Swisslog's pharmacy automation solutions offer complete automation from the packaging of bulk medications, to storage, dispensing, and logistics, as well as Inventory Management Software offering supply chain control from the dock to the patient, including 340B drug pricing. View Swisslog's North America Solutions for the inpatient pharmacy and our solutions for optimizing drug management operations.
Swisslog’s PillPick pharmacy automation system provides a comprehensive approach from unit dose packaging through medication dispensing. PillPick offers the ultimate automated pharmacy system providing patient safety, medication dispensing efficiency, and pharmacy inventory management.
Swisslog also offers BoxPicker, a high-density automated pharmacy warehouse for the storage and dispensing of medications, refrigerated medications, and supplies. BoxPicker is faster and more secure than vertical carousels.
MedRover™ to Debut at AONE Annual Meeting & Exhibition
DENVER, Colo. (April 5, 2011) – Swisslog, a leading provider of automated materials transport and medication management solutions for hospitals, today announced that its MedRover™ mobile dispensing cabinet will debut next week at the American Organization of Nursing Executives (AONE) Annual Meeting & Exhibition in San Diego.
ATP High-Speed Tablet Packager (North America)
| Swisslog’s |
Pharmacy Automation Systems
|Swisslog’s PillPick system bar-code packages, stores and dispenses unit dose medications. Unit doses are automatically placed by PillPicker, Swisslog’s pharmacy packaging unit, into bar-code labeled bags and sealed.|
Swisslog’s medication storage and dispensing unit, DrugNest, is a high-density pharmacy robot for automated storage and medication dispensing of bar-coded unit doses. Packaged, unit dose medications are loaded automatically from the PillPicker to the DrugNest without intermediate material handling. Pharmacy dedication dispensing is integrated to downstream pharmacy automation components including cassette filling and PickRing – Swisslog’s unique medication dispensing method.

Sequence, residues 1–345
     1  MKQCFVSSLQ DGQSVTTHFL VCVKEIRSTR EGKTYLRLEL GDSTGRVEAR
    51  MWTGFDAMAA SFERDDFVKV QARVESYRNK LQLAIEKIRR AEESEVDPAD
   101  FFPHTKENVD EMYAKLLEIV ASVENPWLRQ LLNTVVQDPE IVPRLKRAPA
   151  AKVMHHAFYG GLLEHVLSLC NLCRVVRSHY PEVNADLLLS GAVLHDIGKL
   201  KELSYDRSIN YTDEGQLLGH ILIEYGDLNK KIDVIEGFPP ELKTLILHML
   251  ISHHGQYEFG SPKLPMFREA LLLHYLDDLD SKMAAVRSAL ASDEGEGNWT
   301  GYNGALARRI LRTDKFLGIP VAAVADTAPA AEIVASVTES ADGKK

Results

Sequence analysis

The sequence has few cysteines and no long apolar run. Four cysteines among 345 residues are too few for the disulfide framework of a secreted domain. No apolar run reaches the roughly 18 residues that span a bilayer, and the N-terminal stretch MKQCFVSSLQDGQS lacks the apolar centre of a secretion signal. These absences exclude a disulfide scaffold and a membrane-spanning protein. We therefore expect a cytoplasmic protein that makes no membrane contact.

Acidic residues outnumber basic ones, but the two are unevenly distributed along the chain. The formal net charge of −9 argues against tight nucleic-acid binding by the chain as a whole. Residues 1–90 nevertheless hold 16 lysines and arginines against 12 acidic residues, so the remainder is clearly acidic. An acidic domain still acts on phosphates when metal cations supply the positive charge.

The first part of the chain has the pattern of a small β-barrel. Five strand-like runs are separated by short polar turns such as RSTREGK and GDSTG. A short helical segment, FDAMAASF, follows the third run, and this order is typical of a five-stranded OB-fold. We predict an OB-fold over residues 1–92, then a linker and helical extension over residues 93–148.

Pharmacy Storage/Retrieval System
pharmacy. Visit our Hospital Pharmacy Drug Storage and Retrieval System page for more information on the benefits of BoxPicker for the pharmacy.
Swisslog also offers StockManager, a modular bar-coding solution with complete hospital pharmacy medication inventory management and automatic restocking ordering capability. Contact Swisslog Healthcare Solutions for more information.
Loyola University Hospital in Chicago has installed a robotic pharmacist on premises in an attempt to reduce the effect of human error from the pharmacy storage, packaging, and distribution system. The robot, dubbed PillPick, is produced by Swisslog of Buchs, Switzerland
The robot places single doses of medication in small plastic bags. Each bag has a bar code that identifies the drug. When the system is fully implemented, the nurse will scan the bar code on the medication bag, along with the bar code on the patient’s wrist band. If the computer detects it’s the wrong drug or wrong dose, a pop-up warning will appear and the computer will sound an alert.
Hospitals around the country are beginning to use robotics in the pharmacy. Loyola is the first hospital in the Midwest to use the most advanced system of its kind. It’s called PillPick,® manufactured by SwissLog Healthcare Solutions.
"We looked at five systems, and this one was the most innovative," said Richard Ricker, administrative director of the pharmacy department, Loyola.
The system is 28 feet long and 13 feet wide. At the front end, a robot arm packages medications in single-dose bags. At the back end, a patient’s medication bags are arranged in order of administration and attached to a plastic ring. A card attached to the ring specifies each drug, along with important patient information.
The robot packages 3,200 medications, including tablets, capsules, vials, ampules and suppositories. It works around the clock.
The robot is designed to eliminate the type of serious human error involving Quaid’s twins last November. The infants were supposed to receive 10 units per millimeter of the blood thinner Heparin. Instead they received 10,000 units. The 10-unit vials and 10,000-unit vials looked similar, and a pharmacy technician mistakenly placed them in the same drawer.
Product page: PillPick automated unit dose packaging, storage and dispensing system…
Press release: $1.5 Million Robot at Loyola Cuts Risk of Drug Errors…
(hat tip: Medical Quack)